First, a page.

We saw a few elephant bottoms crushing through the brush and, eventually, caught a glimpse of two at the Nyamugwe pan. The sighting lasted for a minute perhaps and they were off! Clearly, despite the new management, it will still take time for the elephants to tolerate humans as it is clearly spelled at the sign that is found in Wright’s tower down the Mwenezi river, close to Malipati.


DSCN0225 wright tower Gon Aug 17 copyThe camp offered further entertainment in the evening as the baobab crumples were the home of bats that would come out and hunt for insects under our veranda light.

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The first night the camera trap -a great new addition to our safari gear- pictured a genet looking for left overs around our bungalow. In the camera we saw that it had started visiting our place between 19:30 and 20:00 hours so we decided to wait for it during the second night. We were immediately rewarded with several visits and a few (bad) pictures!

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Albeit small, the Mabalauta section of Gonarezhou offers a nice drive along the river where a few river pools can be visited. Rossi pools offer a great view of the river where patience is rewarded with the arrival of different animals to the water. While you wait you will find entertainment counting the crocodiles either swimming or basking under the sun and, when the wind stops and the ripples settle, tilapia shoals can be easily seen moving about in the shallows while tiger fish patrol the deeper green pools in search of prey and the occasional terrapin surfaces to take a lungful.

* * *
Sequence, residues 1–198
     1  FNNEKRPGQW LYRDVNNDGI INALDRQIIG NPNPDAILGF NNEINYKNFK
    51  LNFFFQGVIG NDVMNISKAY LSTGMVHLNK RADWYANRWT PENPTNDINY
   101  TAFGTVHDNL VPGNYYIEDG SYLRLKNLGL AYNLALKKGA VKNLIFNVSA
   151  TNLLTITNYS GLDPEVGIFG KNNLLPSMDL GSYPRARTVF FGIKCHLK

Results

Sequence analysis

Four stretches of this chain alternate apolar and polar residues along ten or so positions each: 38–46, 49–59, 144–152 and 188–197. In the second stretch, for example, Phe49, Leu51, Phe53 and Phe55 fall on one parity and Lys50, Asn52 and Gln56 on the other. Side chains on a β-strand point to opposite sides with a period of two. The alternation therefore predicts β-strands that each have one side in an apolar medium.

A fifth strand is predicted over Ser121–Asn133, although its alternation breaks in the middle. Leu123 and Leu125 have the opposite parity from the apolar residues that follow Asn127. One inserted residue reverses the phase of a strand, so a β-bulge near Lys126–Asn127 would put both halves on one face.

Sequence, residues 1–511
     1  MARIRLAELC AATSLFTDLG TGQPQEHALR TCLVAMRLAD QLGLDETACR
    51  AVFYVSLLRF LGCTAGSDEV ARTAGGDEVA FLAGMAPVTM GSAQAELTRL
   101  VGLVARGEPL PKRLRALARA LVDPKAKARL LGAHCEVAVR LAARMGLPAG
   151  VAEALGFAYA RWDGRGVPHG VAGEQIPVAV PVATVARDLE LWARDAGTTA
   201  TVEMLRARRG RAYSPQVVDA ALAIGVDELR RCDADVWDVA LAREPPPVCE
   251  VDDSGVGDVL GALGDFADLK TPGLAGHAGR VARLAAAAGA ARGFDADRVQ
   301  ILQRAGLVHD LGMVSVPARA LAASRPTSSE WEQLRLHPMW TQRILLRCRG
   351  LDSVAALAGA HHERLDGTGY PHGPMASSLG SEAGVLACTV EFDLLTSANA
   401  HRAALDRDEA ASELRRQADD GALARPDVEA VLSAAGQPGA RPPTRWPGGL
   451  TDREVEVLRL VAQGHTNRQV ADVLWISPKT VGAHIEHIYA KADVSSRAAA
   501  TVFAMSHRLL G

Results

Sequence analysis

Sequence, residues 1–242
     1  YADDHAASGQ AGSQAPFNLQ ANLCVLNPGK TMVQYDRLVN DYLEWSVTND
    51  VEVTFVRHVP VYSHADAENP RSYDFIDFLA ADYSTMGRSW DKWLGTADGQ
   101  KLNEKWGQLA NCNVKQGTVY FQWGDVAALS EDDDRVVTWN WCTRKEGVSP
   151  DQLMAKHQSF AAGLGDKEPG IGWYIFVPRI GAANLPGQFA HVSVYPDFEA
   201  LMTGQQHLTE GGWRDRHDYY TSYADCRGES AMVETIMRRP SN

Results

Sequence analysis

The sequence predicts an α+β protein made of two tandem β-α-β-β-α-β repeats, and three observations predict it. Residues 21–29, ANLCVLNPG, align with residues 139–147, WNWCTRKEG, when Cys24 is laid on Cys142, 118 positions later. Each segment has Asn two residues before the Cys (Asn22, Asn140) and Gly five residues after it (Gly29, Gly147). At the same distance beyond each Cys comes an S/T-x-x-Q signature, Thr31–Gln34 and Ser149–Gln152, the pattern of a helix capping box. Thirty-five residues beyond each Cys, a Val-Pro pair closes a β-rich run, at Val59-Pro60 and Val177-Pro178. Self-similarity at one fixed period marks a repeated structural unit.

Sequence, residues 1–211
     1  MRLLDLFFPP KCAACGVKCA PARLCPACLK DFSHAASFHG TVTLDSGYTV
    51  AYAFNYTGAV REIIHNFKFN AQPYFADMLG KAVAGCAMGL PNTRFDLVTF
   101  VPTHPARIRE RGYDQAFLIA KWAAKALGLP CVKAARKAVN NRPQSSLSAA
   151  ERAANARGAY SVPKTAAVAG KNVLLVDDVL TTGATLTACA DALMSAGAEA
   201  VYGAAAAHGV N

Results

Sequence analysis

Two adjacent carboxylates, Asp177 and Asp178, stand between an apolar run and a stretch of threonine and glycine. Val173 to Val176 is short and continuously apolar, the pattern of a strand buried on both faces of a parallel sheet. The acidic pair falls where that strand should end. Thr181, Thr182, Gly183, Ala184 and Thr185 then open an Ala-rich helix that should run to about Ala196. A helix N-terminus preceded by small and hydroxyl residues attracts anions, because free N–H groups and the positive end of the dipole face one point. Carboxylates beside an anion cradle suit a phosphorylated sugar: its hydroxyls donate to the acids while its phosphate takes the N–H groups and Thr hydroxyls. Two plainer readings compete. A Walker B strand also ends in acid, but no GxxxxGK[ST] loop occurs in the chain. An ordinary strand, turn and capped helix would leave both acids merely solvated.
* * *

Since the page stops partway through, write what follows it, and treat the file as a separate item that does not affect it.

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Rossi pools.

A couple of kilometres further down the river the rather ugly Wright’s tower offers another nice view of the river. Searching for the origins of the tower I learnt that Allan Wright was a District Commissioner that was largely responsible for the establishment of the Gonarezhou National Park in 1975 so he probably built the tower [1].

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It was also in this general area that S.C. ‘Bvekenya’ Barnard, the notorious hunter and poacher roamed during the early 1900’s avoiding the police by moving to different countries around Crook’s corner the point where the borders of Mozambique, South Africa and Zimbabwe converge. Bvekenya’s errands have been immortalized by T.V. Bulpin in his book “The Ivory Trail”.

But that is a different story.


[1] Allan Wright described his time in Nuanetsi District in his books Valley of the Ironwoods. A Personal Record of Ten Years Served as District Commissioner in Rhodesia Largest Administrative Area, Nuanetsi, in the South-Eastern Lowveld (1972) and Grey Ghosts at Buffalo Bend (1976) both now out of print.



Gonarezhou three years later. Northern area

We were last in Gonarezhou National Park almost three years ago and I wrote about our impressions then [1]. This time the idea was to try the Chipinda Pools Tented camp so we booked ourselves there for five nights from 21-26 August.

Interesting developments had taken place during our absence. The management of the park had changed when on 30 June 2016 the Frankfurt Zoological Society and the Zimbabwe Parks and Wildlife Management Authority signed an agreement for the creation of the Gonarezhou Trust. The latter represents a new management style for a National Park in Zimbabwe, aiming at running the park in a sustainable way on a long-term basis.

The first thing we noted was that the park can now be only booked at the Chipinda Pools office and not at the Harare Reservations office as all other national parks. Despite the distance from Harare (about 500km), the process was smooth and I soon arranged for our stay through an exchange of messages via Messenger and e-mail that ended with an advance payment to secure the bookings.